MIT to use $350 million gift to bolster computer sciences
A $350 million gift from investment banker Stephen Schwarzman will allow the Massachusetts Institute of Technology (MIT) in Cambridge to “rewire” how it educates students in this foundational subject, school officials announced today.
The money will help finance a new building that will house a college of computing named for its major donor. It will also allow MIT to cope with the rising demand for computer science courses from students majoring in any number of disciplines by paying for 50 new faculty members.
“Roughly 40% of our current undergraduates are majoring in computer science or computer science and X,” says MIT Provost Martin Schmidt. With only 10% of the university’s 1000 faculty capable of teaching computer science courses, Schmidt says, “having them teach 40% of the undergraduates has created a huge load imbalance.”
Computing is now part of the department of electrical engineering and computer science within MIT’s school of engineering. It is by far the largest of MIT’s five schools, serving 70% of undergraduates and 45% of graduate students.
“It no longer makes sense to have computer science within electrical engineering,” says Michael Stonebraker, one of seven MIT computing faculty members who wrote an open letter last year asking MIT to consider creating a separate school of computing. Computing was being taught “in a haphazard fashion” across my departments, he says, an “inefficient and fragmented approach” that undermined the quality of instruction.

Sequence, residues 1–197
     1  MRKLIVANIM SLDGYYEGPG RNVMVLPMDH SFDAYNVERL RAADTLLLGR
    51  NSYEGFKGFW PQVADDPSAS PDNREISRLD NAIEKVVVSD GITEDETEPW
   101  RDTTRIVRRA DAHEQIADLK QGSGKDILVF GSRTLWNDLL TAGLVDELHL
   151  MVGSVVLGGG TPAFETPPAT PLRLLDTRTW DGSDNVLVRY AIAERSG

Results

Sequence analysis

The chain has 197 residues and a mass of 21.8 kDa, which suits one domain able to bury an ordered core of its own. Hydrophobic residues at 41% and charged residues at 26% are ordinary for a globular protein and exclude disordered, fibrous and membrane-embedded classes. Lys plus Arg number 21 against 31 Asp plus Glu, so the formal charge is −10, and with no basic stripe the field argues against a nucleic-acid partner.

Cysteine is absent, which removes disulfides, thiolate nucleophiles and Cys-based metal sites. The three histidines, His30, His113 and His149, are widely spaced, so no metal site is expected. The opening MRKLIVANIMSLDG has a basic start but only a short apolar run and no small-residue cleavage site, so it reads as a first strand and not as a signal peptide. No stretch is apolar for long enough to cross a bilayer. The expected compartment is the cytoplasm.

The new college addresses those problems, says Schmidt, as well as “linking computation to all disciplines on campus.” That meets a growing demand for such skills by students in the social sciences, he notes. The number of students majoring in computer science and economics, for example, has tripled since the major was created 2 years ago, he notes.
Half of the new faculty positions will go to the new college, and the other half will be distributed across campus. Those additional linkages will make it easier for MIT to attract and retain top talent, Schmidt says. “Right now, if we want to hire a computational linguist, it’s hard to know in which department to hire them and how to review them for promotion and tenure.”
The organizational status of computing varies across other top-ranked U.S. research universities. The Georgia Institute of Technology in Atlanta and Carnegie Mellon University in Pittsburgh, Pennsylvania, for example, already have separate colleges or schools of computing, whereas computer science at Stanford University in Palo Alto, California, and the University of California, Berkeley, falls within electrical engineering/computer science departments. MIT will also hire a dean of the new college, which will open next fall. Construction has not yet begun on the new building, which is expected to be completed in 2022.
Schwarzman’s donation is part of a $1 billion institutional commitment to computer science and artificial intelligence. Another $300 million for computing activities has been pledged as part of a capital campaign launched in May 2016 that has reached $4.3 billion of its $5 billion goal.